Paper bag on a table with food
Courtesy Too Good To Go

How the Too Good to Go App Aids in the Fight Against Food Waste

The software allows users to order a bag of excess fare from a local restaurant, café, bakery, or grocery store at a fraction of the cost.
By Kathryn O’Shea-Evans
August 25, 2021
3 minute read

Anyone who’s ever let leftovers languish in the back of the fridge might not be surprised to learn that a whopping third of the food produced each year—about 1.6 billion tons—goes to waste. The Too Good To Go app aims to change that by allowing users to order a “surprise bag” of excess fare from a local restaurant, café, bakery, or grocery store. (Currently the service is pick-up only, in an effort to simplify the process for businesses to participate, and to reduce carbon emissions.) Each bag costs around four to six dollars, and includes contents that are worth about three times that much. Since the Copenhagen-based company launched, in 2016, it has expanded to 15 countries and has saved more than 72 million meals through partnerships with more than 87,000 food establishments. By the end of the year, it plans to be in most major U.S. cities, and later, expand to small towns across North America.

The key to Too Good to Go’s success, it seems, is its knack for starting conversations about throwing away food. Staffers share the company’s mission in a grassroots-style campaign, visiting area restaurants to discuss the issue of food waste—one of the leading contributors to greenhouse gases—and how to manage it. “We often hear from store owners that they have actually been looking for a solution like ours,” Lucie Basch, one of the company’s four co-founders, recently told Fortune magazine. “The majority of Surprise Bags contain fresh, prepared, and perishable foods—like a few slices of pizza, an extra sushi roll, a mix of pastries, a cup of soup, or a pint of ice cream—that are discarded at the end of that day. The small, consumer-sized volumes of food often can’t effectively be redistributed to food banks or homeless shelters. This is where we fill the gap in the food rescue ecosystem, and our strategy of launching in high-density, urban areas makes it easy for consumers to pick up this surplus.”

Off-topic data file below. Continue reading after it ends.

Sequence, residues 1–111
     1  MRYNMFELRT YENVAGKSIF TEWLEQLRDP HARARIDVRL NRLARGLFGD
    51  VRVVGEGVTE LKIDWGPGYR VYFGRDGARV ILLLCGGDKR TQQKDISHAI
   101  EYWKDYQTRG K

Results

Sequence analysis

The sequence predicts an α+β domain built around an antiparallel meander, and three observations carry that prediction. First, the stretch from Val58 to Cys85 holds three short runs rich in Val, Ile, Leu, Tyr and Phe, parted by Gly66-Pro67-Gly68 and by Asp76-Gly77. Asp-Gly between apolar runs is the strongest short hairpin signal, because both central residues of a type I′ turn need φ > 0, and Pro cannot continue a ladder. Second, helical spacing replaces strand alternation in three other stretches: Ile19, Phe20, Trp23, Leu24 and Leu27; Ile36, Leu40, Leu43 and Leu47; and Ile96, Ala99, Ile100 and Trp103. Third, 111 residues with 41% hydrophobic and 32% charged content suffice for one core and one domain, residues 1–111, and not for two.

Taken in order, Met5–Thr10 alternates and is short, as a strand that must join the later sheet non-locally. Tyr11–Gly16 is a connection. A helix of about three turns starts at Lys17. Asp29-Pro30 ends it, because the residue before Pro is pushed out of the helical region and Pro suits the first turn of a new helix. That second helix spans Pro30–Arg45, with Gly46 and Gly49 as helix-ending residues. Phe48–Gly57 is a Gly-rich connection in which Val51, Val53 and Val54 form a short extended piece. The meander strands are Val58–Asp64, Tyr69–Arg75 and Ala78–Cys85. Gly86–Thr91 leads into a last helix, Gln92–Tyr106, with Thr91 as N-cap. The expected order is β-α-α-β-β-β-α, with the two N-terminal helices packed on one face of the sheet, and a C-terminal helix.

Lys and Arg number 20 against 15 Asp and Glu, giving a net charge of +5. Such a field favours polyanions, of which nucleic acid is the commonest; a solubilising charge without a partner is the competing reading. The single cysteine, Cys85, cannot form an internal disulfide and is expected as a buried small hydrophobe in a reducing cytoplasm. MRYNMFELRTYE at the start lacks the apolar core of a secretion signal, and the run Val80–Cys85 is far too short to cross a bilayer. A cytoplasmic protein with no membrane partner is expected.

The system has other benefits, too: Many of the app’s users have turned into regular customers of the restaurants they discover, and store owners profit from food that would otherwise be trashed while recovering operational costs. “This is something that could happen every evening at every local food store,” Basch continued. “[The app is] an easy, fun, and accessible way to fight food waste on a daily basis.”